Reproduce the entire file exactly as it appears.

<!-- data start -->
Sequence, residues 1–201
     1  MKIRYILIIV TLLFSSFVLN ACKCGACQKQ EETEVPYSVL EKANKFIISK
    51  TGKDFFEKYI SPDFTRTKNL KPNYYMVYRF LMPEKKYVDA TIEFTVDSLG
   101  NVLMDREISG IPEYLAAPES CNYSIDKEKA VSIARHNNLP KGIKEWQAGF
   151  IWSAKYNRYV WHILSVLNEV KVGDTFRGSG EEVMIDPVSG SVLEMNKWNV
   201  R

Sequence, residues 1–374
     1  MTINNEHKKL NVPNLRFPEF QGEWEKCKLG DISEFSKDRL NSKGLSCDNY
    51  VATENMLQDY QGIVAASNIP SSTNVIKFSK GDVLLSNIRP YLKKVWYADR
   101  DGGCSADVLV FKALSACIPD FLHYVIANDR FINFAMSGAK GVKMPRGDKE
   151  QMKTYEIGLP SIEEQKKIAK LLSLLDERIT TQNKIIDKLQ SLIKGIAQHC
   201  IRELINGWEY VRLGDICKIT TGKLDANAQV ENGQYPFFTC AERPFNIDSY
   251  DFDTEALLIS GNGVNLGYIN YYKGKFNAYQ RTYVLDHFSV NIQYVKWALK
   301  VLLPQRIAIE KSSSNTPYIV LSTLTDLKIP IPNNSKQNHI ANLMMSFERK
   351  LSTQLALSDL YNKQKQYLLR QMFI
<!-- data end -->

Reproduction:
Sequence, residues 1–201
     1  MKIRYILIIV TLLFSSFVLN ACKCGACQKQ EETEVPYSVL EKANKFIISK
    51  TGKDFFEKYI SPDFTRTKNL KPNYYMVYRF LMPEKKYVDA TIEFTVDSLG
   101  NVLMDREISG IPEYLAAPES CNYSIDKEKA VSIARHNNLP KGIKEWQAGF
   151  IWSAKYNRYV WHILSVLNEV KVGDTFRGSG EEVMIDPVSG SVLEMNKWNV
   201  R

Sequence, residues 1–374
     1  MTINNEHKKL NVPNLRFPEF QGEWEKCKLG DISEFSKDRL NSKGLSCDNY
    51  VATENMLQDY QGIVAASNIP SSTNVIKFSK GDVLLSNIRP YLKKVWYADR
   101  DGGCSADVLV FKALSACIPD FLHYVIANDR FINFAMSGAK GVKMPRGDKE
   151  QMKTYEIGLP SIEEQKKIAK LLSLLDERIT TQNKIIDKLQ SLIKGIAQHC
   201  IRELINGWEY VRLGDICKIT TGKLDANAQV ENGQYPFFTC AERPFNIDSY
   251  DFDTEALLIS GNGVNLGYIN YYKGKFNAYQ RTYVLDHFSV NIQYVKWALK
   301  VLLPQRIAIE KSSSNTPYIV LSTLTDLKIP IPNNSKQNHI ANLMMSFERK
   351  LSTQLALSDL YNKQKQYLLR QMFI